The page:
BRISTOL, R.I. — Only a month ago, David E. Barboza rode past crowds in the back of a convertible in the Bristol Fourth of July parade, celebrated as a past chief parade marshal.
On Monday evening, a crowd came to his historic home just off the parade route and held a demonstration in support of the men who say Barboza molested them as children.
Barboza left before the arrival of about 30 demonstrators, who stood outside his house as cars slowly passed by. Motorists stared and honked, one shouting: “Lock him up and throw away the key!”
Since the 1970s, Barboza has been a prominent public official in this town, serving on various boards, and as a police officer, volunteer firefighter, state fire marshal, and civil defense director.
Then last Wednesday, the Globe reported that Barboza was accused of sexually abusing two boys and soliciting a third decades ago. State and local police opened an investigation when a fourth man reported on Thursday that he’d also been abused, and authorities are now urging any others to come forward.
The revelations have rocked the town. Retired Bristol officer Steve Annarummo and local resident Joe DeMelo decided to organize the demonstration to show support for the alleged victims.
They chose to hold the event outside Barboza’s house for a reason. The criminal statute of limitations had expired for the first three accusers, but “I want a neighborhood awareness for people to know where he lives,” Annarummo said, adding. “I hope he feels uncomfortable with it.”
The demonstration included men who said they were victims.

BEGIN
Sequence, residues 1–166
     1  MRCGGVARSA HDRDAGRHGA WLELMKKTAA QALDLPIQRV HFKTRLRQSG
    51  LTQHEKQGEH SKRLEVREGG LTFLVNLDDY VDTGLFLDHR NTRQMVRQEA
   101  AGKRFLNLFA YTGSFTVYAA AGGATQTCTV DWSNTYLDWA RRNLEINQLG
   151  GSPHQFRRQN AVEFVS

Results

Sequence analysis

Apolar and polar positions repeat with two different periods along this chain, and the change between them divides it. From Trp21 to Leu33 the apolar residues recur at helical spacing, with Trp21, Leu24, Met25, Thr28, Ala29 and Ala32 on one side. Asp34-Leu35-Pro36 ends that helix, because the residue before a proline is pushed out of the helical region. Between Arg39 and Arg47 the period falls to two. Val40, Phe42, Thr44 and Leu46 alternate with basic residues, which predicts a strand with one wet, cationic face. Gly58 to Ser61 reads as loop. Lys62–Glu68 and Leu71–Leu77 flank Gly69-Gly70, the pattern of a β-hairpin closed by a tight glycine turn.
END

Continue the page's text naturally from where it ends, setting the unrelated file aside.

Robert Powers, 54, filed a civil lawsuit in December accusing Barboza of raping him multiple times in the mid-1970s, starting when he was 9 or 10 and Barboza was a Bristol police officer.
After speaking out in the Globe last week, Powers said, he’s been overwhelmed by support. He said people have called him courageous for stepping forward publicly to talk about his experiences. He was grateful and wanted to return the support by speaking out for other victims.
“I’m not here for myself,” Powers said. “I’m here for the victims of Barboza. I’m here for the victims in the state of Rhode Island who are afraid to come forward, and anybody else who is afraid to come forward.”
As he stood outside Barboza’s house, Powers hugged a stranger who said he was motivated to go to the Bristol police on Thursday after seeing Powers’ story.
The 45-year-old man, who asked not to be identified, said that Barboza made sexual advances at him at a party in 1992 and at St. Mary’s Church more than a decade ago. The man said he went to the church because he was homeless and needed clothing. He said that Barboza, who was the longtime administrative assistant at the church, pulled open his pants.
Barboza lost his job with the church on Wednesday, after the Globe report.
Others had previously reported Barboza to the police.
A Bristol man told the State Police in 2014 that Barboza molested him multiple times at a fire station in the 1970s, starting when he was 6 and Barboza was a volunteer firefighter. The 54-year-old man told the Globe that he’d spoken to multiple authorities since 1975 about Barboza, to no avail.
Barboza was arrested in 1982, when Bristol police charged him with soliciting a 14-year-old boy from his state fire marshal’s vehicle. The charge was dismissed without prejudice but never refiled.
Though her son had been a victim of a different offender, Bristol resident Ruth Lombardi came to the demonstration to support the men who said Barboza had abused them.
“The way these things happen, it destroys the families,” she said. “I want to support the victims. And, I want to see justice done.”